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Railroaders' Nostalgia > November 22, 1963


Date: 11/22/18 18:16
November 22, 1963
Author: aronco

Wow!  All the postings on TO and elsewhere about the 50th anniversary of JFK's assassination made me recall where I was on November 22, 1963.  I was working for Southern Pacific in Los Angeles, and was called to work a night switcher at Tweedy Yard and 92nd and Alameda Street in Los Angeles.  Tweedy Yard served a large GM assembly plant that made Buick, Oldmobile and Pontiac.  Switch engines worked both ends of the yard in a frantic rush to get all the inbound loads of auto parts lined up in proper order to go into the plant at the 500am spot time.  About 200am, my job was working the North end of the yard.  The yard is on a continuous downgrade from Los Angeles all the way to LA Harbor, about 20 miles, so as the cars were switched, my job as the "field" man was to catch the cars and secure them with hand brakes lest they roll out the South end all the way to the Harbor.  A car approached me rolling free and I boarded the trailing end of the car SP 650666, ( I guess I will never forget that car number) and climbed the ladder to the high brake platform.  By the time I reached the platform, the car was moving faster, so I grabbed the hand brake wheel to set the brake, but guess what?  The brake wheel will not turn.  The car is picking up speed.  I jerk the brake wheel a couple times to try and free it but she ain't moving at all.  Standing on the brake platform, I can see over the opposite end of the car and it appeared thru the fog there were cars far down there in the other end of the track.  I knew it was time to leave - quickly -  I started down the ladder and apparently, lost my grip or the car hit other cars in the track, but in any case, I came to on the ground, stunned, lost my glasses, hurting, but I remember wondering if I was between the rails or between the tracks.  Somehow, I arose, found my glasses, and slowly walked North toward the conductor who was still letting cars go, not knowing of my predicament.  The fog was thickening as I approached, and I suppose I startled him, what with little cuts bleeding where I landed on the ballast.  After a quick trip with trainmaster. Mr. Tierney, to the emergency room, I was told I had broken both elbows.  The trainmaster asked me if I thought I could finish the shift.  When I told him I couldn't, he sent me home in a taxi with both arms in slings.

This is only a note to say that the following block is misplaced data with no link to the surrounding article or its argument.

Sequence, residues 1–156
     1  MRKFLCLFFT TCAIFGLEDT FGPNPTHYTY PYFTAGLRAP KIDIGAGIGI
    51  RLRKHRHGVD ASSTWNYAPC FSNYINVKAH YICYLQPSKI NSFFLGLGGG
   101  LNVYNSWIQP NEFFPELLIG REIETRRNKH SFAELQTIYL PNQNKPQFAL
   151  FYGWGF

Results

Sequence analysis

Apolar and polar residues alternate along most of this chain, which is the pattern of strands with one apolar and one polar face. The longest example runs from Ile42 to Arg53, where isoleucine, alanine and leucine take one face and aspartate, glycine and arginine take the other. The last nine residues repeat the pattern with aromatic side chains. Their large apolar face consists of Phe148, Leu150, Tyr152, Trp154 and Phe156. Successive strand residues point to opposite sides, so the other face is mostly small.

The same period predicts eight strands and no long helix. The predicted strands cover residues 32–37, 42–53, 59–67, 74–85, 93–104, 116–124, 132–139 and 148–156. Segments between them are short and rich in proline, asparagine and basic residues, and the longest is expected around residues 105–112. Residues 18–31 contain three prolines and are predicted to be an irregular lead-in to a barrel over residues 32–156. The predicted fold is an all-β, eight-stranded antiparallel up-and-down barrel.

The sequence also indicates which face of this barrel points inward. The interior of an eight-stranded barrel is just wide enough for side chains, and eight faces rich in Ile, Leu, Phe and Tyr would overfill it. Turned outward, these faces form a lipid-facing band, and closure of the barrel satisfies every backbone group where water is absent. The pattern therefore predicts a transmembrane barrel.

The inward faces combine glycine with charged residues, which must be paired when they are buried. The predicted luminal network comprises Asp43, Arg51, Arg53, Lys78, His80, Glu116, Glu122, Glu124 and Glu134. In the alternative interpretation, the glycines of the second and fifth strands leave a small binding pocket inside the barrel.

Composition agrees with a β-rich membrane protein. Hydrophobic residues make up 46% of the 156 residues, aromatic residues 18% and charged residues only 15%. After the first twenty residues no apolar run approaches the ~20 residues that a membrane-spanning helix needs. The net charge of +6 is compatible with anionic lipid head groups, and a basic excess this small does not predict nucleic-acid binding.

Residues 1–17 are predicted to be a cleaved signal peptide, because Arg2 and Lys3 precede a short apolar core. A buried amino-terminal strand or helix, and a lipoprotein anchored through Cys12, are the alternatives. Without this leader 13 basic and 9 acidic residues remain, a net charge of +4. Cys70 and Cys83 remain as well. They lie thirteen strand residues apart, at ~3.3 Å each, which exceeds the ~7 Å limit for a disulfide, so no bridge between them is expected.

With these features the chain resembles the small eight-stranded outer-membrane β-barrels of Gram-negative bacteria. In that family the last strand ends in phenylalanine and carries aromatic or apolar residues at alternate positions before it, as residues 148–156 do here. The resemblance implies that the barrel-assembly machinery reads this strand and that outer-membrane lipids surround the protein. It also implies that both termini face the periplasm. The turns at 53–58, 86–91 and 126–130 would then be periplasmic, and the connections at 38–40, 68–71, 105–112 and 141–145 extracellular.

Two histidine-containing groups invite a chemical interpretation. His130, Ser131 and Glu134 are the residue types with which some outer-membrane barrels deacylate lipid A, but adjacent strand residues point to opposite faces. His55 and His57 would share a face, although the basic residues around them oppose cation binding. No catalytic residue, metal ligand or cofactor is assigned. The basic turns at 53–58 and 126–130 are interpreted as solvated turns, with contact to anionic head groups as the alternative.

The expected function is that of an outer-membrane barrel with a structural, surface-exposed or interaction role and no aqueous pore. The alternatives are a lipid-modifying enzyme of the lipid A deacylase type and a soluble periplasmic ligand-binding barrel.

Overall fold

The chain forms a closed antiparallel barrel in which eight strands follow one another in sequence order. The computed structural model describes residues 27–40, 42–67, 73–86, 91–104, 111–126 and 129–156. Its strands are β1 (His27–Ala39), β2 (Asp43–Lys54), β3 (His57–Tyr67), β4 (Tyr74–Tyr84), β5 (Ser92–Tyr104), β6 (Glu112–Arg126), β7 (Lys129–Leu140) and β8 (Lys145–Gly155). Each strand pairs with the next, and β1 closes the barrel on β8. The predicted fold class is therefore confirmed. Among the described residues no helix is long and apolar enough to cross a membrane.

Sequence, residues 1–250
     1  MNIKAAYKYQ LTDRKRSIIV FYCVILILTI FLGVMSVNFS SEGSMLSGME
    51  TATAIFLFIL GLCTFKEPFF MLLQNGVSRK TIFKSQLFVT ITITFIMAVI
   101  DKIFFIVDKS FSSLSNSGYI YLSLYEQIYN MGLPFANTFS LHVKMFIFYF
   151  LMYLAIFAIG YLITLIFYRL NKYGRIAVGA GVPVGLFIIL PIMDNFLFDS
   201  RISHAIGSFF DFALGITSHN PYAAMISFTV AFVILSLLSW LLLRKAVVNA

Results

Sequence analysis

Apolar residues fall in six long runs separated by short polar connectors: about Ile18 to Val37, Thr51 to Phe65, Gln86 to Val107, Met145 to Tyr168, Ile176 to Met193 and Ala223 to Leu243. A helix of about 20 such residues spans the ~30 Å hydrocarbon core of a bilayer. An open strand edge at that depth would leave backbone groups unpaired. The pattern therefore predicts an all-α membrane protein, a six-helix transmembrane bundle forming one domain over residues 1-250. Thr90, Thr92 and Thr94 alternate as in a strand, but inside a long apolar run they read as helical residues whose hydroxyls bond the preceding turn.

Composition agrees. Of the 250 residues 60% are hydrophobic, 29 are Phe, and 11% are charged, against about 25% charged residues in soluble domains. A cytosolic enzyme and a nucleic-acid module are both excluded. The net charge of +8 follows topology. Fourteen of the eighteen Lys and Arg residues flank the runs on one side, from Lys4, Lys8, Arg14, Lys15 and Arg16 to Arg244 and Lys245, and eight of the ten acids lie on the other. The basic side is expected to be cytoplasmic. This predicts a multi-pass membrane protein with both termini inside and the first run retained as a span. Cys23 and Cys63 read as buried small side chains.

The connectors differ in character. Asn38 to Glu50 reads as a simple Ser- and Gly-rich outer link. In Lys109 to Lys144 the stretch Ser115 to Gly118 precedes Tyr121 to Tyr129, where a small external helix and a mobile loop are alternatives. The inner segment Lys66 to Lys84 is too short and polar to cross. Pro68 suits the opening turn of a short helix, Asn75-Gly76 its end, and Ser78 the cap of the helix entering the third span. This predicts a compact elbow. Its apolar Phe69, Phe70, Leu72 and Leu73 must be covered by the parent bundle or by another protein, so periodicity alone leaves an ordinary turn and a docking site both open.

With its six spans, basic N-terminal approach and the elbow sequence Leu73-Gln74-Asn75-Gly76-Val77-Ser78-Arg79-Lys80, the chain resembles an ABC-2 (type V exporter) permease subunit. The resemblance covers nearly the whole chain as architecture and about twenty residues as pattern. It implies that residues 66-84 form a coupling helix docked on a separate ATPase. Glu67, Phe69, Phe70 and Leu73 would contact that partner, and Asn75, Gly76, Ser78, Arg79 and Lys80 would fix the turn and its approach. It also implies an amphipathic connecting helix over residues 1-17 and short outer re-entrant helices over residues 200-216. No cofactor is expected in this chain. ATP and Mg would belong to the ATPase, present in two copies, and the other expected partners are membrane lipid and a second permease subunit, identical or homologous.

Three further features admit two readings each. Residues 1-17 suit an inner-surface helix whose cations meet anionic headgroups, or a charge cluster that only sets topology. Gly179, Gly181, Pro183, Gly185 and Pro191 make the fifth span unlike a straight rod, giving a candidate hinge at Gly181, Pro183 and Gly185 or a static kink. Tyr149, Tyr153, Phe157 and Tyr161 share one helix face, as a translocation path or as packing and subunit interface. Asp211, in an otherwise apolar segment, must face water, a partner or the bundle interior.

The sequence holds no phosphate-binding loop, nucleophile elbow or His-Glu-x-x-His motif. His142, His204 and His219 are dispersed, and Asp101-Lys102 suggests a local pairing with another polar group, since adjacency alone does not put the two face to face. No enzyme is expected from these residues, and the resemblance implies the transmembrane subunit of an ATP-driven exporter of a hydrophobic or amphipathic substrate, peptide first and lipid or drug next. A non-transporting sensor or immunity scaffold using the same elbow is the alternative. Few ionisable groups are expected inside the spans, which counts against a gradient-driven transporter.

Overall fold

I got home before dawn, and laid down to see if I could sleep a bit.  I was awakened by a phone call about 900am.  It was the SP clinic in the PE building in downtown LA calling.
They said I had to be at the clinic at 10am for examination.  I told them I couldn't drive with both arms in slings.  The biddy on the phone told me it was my responsibility to be there on time or else!  Great I thought - do these folks know what happened, or do they even care?  I called a yellow cab, and it transported me the 20 miles or so to downtown LA.  The driver followed me upstairs to the clinic office where I told that same biddy to give the driver an SP taxi voucher.  With a smile, she did!
A while later, I was lying on a examining table while a nurse drained and treated a huge bruise on my left thigh.  Another nurse entered the room and exclaimed " He's been shot!"  "My" nurse excused herself,with "Nuts - another gunshot wound!".  In about 5 minutes she returned, her eyes red and tears on her cheeks.  "It's President Kennedy.  He's been shot and killed."  That moment is etched firmly in my mind.
Later that day, I was sent to the SP company hospital; in San Francisco.  I was given a bedroom on the Lark, and two friends accompanied me on the trip.  I spent the next 4 weeks in that delightful hospital across the street from Golden Gate Park.  After a week or two, my elbows regained some motion.  I spent the next 3 weeks trying to seduce, er.....get to know as many of the class 54 student nurses who arrived there the day after me!   After release from the hospital, I was told it would be a few months before I could return to work so I returned to college for a semester.  All in all, that was quite an adventure keyed to a very historic date and moment......

Norm
I  

Norman Orfall
Helendale, CA
TIOGA PASS, a private railcar



Edited 1 time(s). Last edit at 11/22/18 18:34 by aronco.